The reason that most patients chose to have standard silicone gel-filled implants placed during breast augmentation to that they feels very similar to real breast tissue. Compared to a standard saline implant, silicone implants collapse less when placed into the upright position. They also show less wrinkling on the sides once placed inside the breast tissue. Even though the Federal Drug Administration approved the use of standard silicone gel implants in 2006, many women still remain concerned about safety issues. These include things like difficulty detecting a rupture, possibility of requiring an MRI scan, diffusion of small silicone compounds into the surrounding tissues, as well as the possible long-term effects that silicone might cause.
2006 FDA Approval of Silicone Implants: A number of safety issues of concern are listed in the FDA mandated Patient Information Brochure that women must read and sign prior to receiving a silicone gel implant. One of these is the explanation that ruptures of the implant are often undetectable by physical examination. Detection of implant rupture requires an MRI scan of the breasts. The importance of monitoring a silicone gel implant for silent rupture, and removal if rupture is detected is emphasized.
The FDA monitoring recommendations to women and surgeons suggest that an MRI scan be done at 3 years post-operatively and then every 2 years for life. In addition, an MRI scan is indicated when there are signs of possible rupture such as pain, a lump and capsular contracture.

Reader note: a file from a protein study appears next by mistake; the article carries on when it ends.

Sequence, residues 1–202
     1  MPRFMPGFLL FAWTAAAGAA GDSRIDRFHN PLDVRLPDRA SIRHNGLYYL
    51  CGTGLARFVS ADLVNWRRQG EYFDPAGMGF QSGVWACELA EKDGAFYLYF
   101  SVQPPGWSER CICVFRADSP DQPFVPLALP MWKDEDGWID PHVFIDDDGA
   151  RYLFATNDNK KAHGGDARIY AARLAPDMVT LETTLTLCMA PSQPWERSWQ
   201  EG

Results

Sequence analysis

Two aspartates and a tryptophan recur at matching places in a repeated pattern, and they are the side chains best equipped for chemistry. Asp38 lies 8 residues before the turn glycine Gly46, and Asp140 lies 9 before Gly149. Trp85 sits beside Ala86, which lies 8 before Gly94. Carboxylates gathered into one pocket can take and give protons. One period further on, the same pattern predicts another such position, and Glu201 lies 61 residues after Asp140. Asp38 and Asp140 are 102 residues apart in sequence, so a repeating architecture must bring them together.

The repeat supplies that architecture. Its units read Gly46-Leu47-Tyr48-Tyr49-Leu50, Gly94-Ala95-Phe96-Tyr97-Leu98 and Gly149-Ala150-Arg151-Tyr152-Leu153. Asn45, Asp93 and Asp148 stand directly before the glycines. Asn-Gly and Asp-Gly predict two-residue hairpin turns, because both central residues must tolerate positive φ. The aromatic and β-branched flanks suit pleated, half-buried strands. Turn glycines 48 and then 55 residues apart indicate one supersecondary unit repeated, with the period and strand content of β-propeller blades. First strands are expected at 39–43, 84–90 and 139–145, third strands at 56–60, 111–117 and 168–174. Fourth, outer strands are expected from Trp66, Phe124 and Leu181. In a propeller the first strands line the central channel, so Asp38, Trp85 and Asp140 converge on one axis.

The standard saline-filled implant is akin to a silicone shell that is filled with sterile salt water solution. These implants do not have the same natural feel of breast tissue, that is seen with silicone implants. Placing saline implants requires a relatively small incision. Since saline implant have no internal structure, the upper portion of the device tends to collapse when placed upright. The shell geometry of a regular saline-filled implant does not conform well to a convex surface (i.e.the chest wall). As you can see in the photo above, the implant edge is raised above the convex surface. The visibility of the implant edge can and is often made worse by over-filling the device in an attempt to reduce wrinkling. This elevated implant edge, may result in the rippling of the sides of the device that is often seen with a standard saline implant. Much like a water balloon, if a saline implant ruptures the implant deflates and the saline is absorbed by the body over the course of a few days. Rupture of a saline device is usually quite obvious. Replacement can be done while under local anesthetic in many cases.
To learn even more information and download literature about using the ideal implant for your breast augmentation surgery please visit the Ideal Implant website.